Project Lemonade – Week 34

Where I Went:
Project Lemonade is a temporary store front designed for foster kids to “shop” for a new back to school wardrobe. The website description states:

There are more than 13,000 foster children in the state of Oregon. Due to unfortunate budget cuts, the Department of Human Services (DHS) no longer has clothing to provide to our foster children. Foster families must make do with what they currently have.

Project Lemonade intends to help these families out, and aims to do it in style. For three weeks this summer, August 20 through September 7, 2012, foster kids have the opportunity to shop for back to school outfits–shirts, shoes, jeans, bags and accessories at absolutely no cost. Project Lemonade will serve over 2,000 school-aged foster children (ages 5 – 20) from Portland and greater Multnomah County.

The non-profit is gaining media attention. Read the following articles on Oregon LIve and KGW News for a brief report about Project Lemonade’s inception.
First Impressions:
My friend, Kimberly, volunteered with the county foster system in the past. When she got the email from one of her foster parent friends about Project Lemonade, she immediately asked if I’d like to take a shift with her. (I love that people are contacting me now with volunteer opportunities. I can’t believe I once thought finding ways to help would be difficult.)
Volunteering with foster children especially touches my heart. When I was in middle school, my parents trained with San Diego County and we became a foster family welcoming newborns – age 2 into our home. Fostering was a huge part of our lives for many years. 
In fact, prior to our Seattle to Portland move, my husband and I discussed foster parenting. But then the job transfer happened and in getting re-settled, the discussion fell by the wayside.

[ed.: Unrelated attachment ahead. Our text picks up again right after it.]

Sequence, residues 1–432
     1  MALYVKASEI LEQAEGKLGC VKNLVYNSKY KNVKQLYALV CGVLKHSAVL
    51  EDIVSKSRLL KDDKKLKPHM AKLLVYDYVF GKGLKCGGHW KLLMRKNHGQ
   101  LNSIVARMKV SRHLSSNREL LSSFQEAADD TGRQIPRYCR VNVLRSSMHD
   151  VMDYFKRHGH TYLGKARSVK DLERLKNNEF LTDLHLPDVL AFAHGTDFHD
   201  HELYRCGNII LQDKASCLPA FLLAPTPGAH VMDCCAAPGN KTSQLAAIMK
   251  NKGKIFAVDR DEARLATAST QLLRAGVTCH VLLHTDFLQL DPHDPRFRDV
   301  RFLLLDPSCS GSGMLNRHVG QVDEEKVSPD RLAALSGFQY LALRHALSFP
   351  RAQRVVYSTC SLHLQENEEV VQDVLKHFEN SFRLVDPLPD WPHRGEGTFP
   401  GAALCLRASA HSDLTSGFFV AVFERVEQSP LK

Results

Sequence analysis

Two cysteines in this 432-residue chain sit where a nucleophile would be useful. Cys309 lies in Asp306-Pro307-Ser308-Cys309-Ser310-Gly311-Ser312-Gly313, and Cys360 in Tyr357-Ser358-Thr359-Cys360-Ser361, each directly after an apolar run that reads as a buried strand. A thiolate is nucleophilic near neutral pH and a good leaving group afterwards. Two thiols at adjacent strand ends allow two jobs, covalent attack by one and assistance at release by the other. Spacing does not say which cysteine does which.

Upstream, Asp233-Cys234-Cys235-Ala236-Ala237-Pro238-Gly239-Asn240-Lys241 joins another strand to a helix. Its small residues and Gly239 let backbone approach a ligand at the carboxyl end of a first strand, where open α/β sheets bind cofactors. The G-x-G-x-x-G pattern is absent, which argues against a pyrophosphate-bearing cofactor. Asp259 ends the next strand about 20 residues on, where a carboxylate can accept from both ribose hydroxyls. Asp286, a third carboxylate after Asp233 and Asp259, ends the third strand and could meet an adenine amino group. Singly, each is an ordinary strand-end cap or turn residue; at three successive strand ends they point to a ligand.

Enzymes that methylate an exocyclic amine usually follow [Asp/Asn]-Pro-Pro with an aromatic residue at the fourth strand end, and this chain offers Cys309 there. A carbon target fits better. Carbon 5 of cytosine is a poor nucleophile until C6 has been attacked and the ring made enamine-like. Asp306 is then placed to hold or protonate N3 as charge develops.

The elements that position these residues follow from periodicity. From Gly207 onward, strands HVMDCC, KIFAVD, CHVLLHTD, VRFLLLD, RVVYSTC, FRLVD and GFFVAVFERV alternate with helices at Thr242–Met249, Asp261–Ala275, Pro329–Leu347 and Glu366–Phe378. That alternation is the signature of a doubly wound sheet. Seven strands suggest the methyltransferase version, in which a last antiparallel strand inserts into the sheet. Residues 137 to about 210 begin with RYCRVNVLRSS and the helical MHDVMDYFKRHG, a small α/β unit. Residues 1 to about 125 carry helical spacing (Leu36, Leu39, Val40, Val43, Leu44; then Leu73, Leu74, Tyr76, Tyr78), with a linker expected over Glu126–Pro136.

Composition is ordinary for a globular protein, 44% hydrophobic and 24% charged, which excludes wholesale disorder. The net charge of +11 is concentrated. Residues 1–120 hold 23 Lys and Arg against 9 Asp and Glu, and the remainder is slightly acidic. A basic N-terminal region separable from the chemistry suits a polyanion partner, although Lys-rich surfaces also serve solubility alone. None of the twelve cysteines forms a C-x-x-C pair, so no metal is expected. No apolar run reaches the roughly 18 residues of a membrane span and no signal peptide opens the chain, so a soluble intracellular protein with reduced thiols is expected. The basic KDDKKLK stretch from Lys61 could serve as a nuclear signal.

I looked forward to working with Project Lemonade and meeting the kids they serve.
The Job:
Kimberly and I arrived for our 4 hour evening shift, pleasantly shocked when we entered the donated storefront space. This was no typical warehouse. The place transformed fitting right in with it’s Pearl District retail neighbors. Mirrors and florescent lights ran through the center of the room, boys clothes to the left and girls clothes on the right. Big Band and Frank Sinatra played on the overhead speakers. 

We found the the shift supervisor, B., and introduced ourselves. B. gave us a rundown of the shopping process beginning with the check in procedure. Each foster parent registers school age children and is given a shopping pass detailing allowed items.  
B. continued to explain. “After the families check in, they can look around with the help of a personal shopper and -”
“Kimberly will do that!” I rudely cut B. off mid sentence. 
(A note about Kimberly: She thinks she’s a lawyer because she has years of law school behind her and she does legal work. But her TRUE calling is to be a personal shopper. I’m sure if the profession paid a salary equal to a litigator, you’d request her for your go-to girl at Nordstrom.)